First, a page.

The term "lab experiment" used in describing a botched recipe may be a joke, but good cooking routinely illustrates the benefits of applied chemistry. If your brownies are crisp on the outside and tender on the inside, several scientific premises have come to delicious fulfillment. Your brownies' rapid disappearance may be a function of family biology, but making brownies combines chemistry with chocolate in delightful form.
Fat Baking Chemistry
There's a scientific reason that butter, margarine, vegetable fats and lard are grouped under the general category of shortening. Blending fat with flour impedes, or shortens, the web of gluten fibers that makes dough cohesive and elastic. The high percentage of baking fat in brownies is one factor accounting for the tender, crumbly texture of a good brownie. Butter, used hereafter as a generic designation for fat, may also play a role in raising brownie dough. Creaming butter with sugar may create tiny air spaces around the sugar crystals, which swell in oven heat.
Block baking chocolate, unsweetened or sweetened, is melted to incorporate it into the butter, but this is not the only form of chocolate used in making brownies. Both baking chocolate and chocolate chips increase recipe fat content and convey the most intense chocolate flavor. Dry unsweetened cocoa powder appears in brownie recipes, as well. Lessening fat content and increasing the proportion of dry ingredients may produce a more cake-like brownie than block chocolate or chips. Adding vanilla extract increases chocolate's complex taste. The alcohol base of vanilla extract blends smoothly with melted chocolate, while a water-based flavoring separates molecules, a process called seizing, and makes the brownie grainy.
Sugar Chemical Interactions
Unless it has been creamed with the butter, sugar is usually incorporated once melted chocolate and butter have been combined. In addition to lightening texture, sugar contributes to crust formation because of the caramelization that causes the surface of the brownie to become and brown. A complex of chemical changes known as Maillard reactions, which occur during baking at temperatures above 320 degrees Fahrenheit, make sugar content a strong variable in the thickness and crustiness of baked goods.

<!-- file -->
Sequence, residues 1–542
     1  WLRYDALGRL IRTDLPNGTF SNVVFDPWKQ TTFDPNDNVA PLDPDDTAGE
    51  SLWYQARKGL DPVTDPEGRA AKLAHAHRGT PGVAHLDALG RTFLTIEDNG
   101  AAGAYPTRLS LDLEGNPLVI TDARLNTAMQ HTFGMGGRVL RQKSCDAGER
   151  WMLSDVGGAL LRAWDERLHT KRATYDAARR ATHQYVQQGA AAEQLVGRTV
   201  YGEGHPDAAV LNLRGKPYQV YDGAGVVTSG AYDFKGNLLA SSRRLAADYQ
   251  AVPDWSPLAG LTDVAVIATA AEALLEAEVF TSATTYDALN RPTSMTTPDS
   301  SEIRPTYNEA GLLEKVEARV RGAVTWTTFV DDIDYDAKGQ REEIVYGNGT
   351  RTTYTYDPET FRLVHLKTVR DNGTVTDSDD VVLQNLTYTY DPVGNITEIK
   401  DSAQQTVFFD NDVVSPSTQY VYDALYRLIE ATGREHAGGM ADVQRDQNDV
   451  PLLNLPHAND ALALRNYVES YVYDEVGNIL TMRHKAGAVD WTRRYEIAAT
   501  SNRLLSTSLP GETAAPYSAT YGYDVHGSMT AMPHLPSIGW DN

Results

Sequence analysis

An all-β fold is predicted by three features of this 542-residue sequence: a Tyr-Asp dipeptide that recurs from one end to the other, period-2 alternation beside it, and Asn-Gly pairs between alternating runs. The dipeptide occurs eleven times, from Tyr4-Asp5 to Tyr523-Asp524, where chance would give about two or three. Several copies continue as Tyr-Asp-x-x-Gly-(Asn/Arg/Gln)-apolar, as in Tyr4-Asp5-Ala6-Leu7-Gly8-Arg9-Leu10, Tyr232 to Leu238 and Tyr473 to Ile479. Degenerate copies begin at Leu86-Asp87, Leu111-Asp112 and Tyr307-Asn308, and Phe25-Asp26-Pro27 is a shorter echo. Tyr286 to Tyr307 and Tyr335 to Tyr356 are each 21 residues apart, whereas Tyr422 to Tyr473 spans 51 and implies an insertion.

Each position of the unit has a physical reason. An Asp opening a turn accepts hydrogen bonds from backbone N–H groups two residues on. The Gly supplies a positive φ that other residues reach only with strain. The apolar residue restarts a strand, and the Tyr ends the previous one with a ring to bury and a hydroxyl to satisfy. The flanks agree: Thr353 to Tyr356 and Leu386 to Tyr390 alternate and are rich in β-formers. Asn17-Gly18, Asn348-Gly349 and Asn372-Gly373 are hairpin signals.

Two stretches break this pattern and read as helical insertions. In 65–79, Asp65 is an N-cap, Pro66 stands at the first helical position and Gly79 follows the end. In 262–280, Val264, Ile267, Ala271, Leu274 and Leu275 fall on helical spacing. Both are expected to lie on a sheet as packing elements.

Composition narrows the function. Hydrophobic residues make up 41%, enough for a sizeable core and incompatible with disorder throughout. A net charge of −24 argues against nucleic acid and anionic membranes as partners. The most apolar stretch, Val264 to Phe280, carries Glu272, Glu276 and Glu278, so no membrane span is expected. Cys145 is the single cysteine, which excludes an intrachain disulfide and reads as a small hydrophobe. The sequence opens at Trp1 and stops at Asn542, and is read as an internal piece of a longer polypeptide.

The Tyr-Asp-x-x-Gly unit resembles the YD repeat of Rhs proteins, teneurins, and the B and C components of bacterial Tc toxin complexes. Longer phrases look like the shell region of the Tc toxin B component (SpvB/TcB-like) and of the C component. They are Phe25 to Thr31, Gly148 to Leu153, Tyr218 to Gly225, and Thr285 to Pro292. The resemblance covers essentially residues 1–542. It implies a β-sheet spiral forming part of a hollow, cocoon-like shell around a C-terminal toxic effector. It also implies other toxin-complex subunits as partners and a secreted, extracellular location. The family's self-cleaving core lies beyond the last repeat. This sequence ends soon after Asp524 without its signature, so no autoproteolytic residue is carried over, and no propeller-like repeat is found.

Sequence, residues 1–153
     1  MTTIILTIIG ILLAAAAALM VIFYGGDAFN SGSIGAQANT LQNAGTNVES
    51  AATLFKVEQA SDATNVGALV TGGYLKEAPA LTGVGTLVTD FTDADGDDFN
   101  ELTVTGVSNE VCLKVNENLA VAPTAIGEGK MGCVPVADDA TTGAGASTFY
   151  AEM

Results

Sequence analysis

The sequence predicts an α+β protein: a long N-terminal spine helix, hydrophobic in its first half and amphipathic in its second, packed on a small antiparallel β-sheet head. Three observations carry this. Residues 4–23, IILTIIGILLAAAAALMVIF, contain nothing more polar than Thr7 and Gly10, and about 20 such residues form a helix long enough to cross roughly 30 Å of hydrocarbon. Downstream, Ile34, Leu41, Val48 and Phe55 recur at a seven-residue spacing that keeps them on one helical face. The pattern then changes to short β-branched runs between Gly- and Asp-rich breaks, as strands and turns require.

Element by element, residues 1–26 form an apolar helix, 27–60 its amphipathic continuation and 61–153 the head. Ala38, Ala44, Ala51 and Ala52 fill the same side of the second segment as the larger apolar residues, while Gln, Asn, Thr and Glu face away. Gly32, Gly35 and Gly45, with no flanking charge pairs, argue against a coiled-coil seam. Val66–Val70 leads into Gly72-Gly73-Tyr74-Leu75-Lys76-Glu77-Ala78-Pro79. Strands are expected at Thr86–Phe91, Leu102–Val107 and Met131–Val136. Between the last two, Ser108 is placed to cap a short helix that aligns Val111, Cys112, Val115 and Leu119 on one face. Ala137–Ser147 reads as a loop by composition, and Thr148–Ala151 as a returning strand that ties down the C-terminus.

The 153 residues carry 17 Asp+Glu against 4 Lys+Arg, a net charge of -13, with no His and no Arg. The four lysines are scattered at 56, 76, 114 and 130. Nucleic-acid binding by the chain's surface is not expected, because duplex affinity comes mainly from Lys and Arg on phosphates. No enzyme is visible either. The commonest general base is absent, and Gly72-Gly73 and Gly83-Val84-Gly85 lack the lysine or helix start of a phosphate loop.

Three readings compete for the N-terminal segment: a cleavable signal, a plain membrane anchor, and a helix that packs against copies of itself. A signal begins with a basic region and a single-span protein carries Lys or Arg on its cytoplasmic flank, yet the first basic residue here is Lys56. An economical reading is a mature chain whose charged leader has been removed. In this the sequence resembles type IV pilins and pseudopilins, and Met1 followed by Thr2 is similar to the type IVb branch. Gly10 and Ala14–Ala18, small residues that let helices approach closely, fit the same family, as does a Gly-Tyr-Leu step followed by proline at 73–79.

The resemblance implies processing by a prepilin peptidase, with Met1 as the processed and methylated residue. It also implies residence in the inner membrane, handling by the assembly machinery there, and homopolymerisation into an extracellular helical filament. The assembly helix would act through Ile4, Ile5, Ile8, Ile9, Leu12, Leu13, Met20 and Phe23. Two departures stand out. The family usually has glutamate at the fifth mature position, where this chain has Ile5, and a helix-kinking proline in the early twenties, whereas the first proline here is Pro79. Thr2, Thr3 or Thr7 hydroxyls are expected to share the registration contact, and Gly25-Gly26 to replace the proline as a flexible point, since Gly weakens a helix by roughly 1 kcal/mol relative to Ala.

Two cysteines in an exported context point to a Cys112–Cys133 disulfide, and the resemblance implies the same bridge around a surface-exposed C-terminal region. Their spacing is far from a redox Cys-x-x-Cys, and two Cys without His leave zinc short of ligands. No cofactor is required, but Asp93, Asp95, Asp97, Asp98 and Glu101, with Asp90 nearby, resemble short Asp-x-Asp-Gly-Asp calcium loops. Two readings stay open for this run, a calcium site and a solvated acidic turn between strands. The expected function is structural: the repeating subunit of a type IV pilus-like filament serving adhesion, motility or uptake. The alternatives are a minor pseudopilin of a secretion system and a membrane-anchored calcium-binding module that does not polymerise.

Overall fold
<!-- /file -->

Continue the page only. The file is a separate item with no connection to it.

Egg Baking Interactions
Folding beaten egg whites into batter produces lofting. Egg whites, even lightly beaten, have a viscosity that can increase the air bubbles in dough. To maintain moisture in the batter, eggs added to brownies are best lightly stirred just to blend yolks and whites, rather than thoroughly beaten, before being added to the butter-chocolate-sugar mixture.
Flour and Leavening
It's possible to let nature take its course without the assistance of baking soda or baking powder, but leavening results in a lighter texture and more consistent results. Since baking soda is activated by the presence of an acid ingredient, recipes including buttermilk, yogurt, liquid coffee or fruit juice react to baking soda most effectively. In the absence of an acid ingredient, baking powder produces a thicker raised brownie with less contrast between the texture of the crust and the inside. Stir in flour, with or without leaven, quickly and only until just combined with other ingredients.
Brownie Heat Reactions
Both the high percentage of fat and large amount of sugar present in the typical brownie recipe mandates an oven temperature below that of some other baking. Recipes often call for a setting of 325 degrees Fahrenheit, which prevents outside edges from frying in overheated fat and keeps chocolate from burning. Slight underbaking is preferable to overbaking, which can produce dry, bitter results. Brownies should be removed from the oven as soon as a straw or toothpick inserted in the center comes out clean.